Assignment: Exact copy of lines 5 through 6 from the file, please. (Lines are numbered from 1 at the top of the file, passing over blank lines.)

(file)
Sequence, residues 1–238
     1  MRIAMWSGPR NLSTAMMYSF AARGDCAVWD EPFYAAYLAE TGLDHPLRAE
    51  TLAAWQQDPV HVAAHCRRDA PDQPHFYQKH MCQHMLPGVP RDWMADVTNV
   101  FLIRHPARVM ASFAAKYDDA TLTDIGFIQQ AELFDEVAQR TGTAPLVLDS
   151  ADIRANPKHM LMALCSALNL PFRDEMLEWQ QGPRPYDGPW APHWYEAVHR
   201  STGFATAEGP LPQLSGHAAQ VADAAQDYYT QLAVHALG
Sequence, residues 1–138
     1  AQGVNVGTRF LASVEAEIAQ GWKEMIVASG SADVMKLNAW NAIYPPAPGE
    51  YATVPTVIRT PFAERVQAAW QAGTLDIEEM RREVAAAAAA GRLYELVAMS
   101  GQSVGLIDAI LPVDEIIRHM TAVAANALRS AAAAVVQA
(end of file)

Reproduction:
   151  ADIRANPKHM LMALCSALNL PFRDEMLEWQ QGPRPYDGPW APHWYEAVHR
   201  STGFATAEGP LPQLSGHAAQ VADAAQDYYT QLAVHALG